How to Get the most out of your Well-being with Music


Sometimes you can put the music on in the background whilst you carry on with your daily activities. It is good to sing or hum along, or even dance! You may prefer to do that alone, although it can be more fun with others.

Make play lists on your mobile phone or music player according to your mood, starting with music that fits with your mood, then, for example, gradually becoming lighter and faster if you feel sad, or calming if you feel tense.  You can create a play list for each emotion and name them accordingly e.g. calm, inspire, or uplift or music to wake you up; music to energize you; your happy music; music which vents frustration for you, etc.

Be mindful with music

Put some time aside to sit or lie down and be with the music, so that you can give it your full focus of attention. Ask others not to distract you, turn off your phone and do whatever else you need to do to reduce distractions.  Choose a piece of instrumental music as you might otherwise focus on the words.

Find somewhere comfortable and give it your total focus, with your full attention on the music.  Close your eyes as you listen.

  • Bring your attention to aspects of the music that you don’t normally notice: the rhythm, the different instruments or sounds at different times, the pauses, the tune and the background harmony, the varying loudness and speed of the music, the high and low notes, long and short.
  • Notice how the music is affecting you as you listen: notice your breathing, your heart rate, your body’s rhythm.
  • Bring your attention to the rest of your body, and notice the physical sensations as you listen to the music.
  • Notice what emotions the music bring up, and how your mind is being affected (calming, energising, inspiring, more alert, relaxing).
  • Listen to the music as a whole. Let it sweep you away and along, getting lost in that music. If any thoughts come into your mind, just notice them and allow them to be carried away on the music, and then bring your attention back to the music.



Singing or humming can be a very effective way to express yourself. Again choose the music wisely. Watch out for the song lyrics too as they can be very relevant.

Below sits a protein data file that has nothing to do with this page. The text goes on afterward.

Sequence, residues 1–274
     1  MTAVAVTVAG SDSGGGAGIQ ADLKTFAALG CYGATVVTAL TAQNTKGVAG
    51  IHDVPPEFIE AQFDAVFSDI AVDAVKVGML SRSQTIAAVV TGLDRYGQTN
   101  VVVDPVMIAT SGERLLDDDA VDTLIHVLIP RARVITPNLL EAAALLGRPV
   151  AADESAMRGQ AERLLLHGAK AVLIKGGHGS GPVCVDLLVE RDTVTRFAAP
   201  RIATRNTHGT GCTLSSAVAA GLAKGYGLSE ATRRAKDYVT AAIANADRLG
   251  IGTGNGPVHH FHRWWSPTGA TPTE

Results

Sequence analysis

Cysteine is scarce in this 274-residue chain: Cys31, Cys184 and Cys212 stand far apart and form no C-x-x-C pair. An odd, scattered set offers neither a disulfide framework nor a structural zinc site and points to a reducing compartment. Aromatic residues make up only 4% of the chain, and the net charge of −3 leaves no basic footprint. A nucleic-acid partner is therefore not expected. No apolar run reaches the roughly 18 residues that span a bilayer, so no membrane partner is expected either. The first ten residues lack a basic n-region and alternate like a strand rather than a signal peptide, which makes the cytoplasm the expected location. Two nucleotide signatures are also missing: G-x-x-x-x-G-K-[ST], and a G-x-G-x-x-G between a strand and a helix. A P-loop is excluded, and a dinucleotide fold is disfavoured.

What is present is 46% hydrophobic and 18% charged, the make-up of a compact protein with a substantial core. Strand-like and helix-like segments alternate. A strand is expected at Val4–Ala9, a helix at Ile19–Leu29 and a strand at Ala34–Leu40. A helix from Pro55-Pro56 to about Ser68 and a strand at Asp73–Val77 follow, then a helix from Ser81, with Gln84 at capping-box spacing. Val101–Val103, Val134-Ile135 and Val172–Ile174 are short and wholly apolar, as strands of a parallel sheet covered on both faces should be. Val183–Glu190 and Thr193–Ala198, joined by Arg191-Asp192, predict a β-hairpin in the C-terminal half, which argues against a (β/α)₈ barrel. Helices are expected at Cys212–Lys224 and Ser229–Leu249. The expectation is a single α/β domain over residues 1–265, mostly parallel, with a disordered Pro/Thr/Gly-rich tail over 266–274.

Dancing or moving.

When we allow ourselves to move our bodies with the music, it can strengthen the power of the music to affect us. Any form of exercise is likely to be beneficial. In depression, physical activity has a very powerful anti-depressant effect.  It is motivating and energising. When we feel tense, due to stress, anxiety or anger, then physical activity uses the energy that the adrenaline response has created, thereby having a calming effect.

Playing an instrument, however badly, can help relieve stress, improve concentration, give you a sense of achievement and enjoyment, build confidence, improve your ability to think rationally, and has the benefits of including physical activity.

Taking up and learning to play a musical instrument may give you a focus, a sense of purpose, a goal, a sense of achievement and enjoyment, self-confidence and all the benefits previously described.

Playing music with others will add to the sense of fun and enjoyment and give you a sense of being close to others. That’s particularly important if you normally isolate yourself from others.  Music can be a great and less threatening way to get together with others who have similar interests, and any conversation is likely to be about the music and the activity. If you don’t already play an instrument, you could always join in with a community drumming group or choir in your area.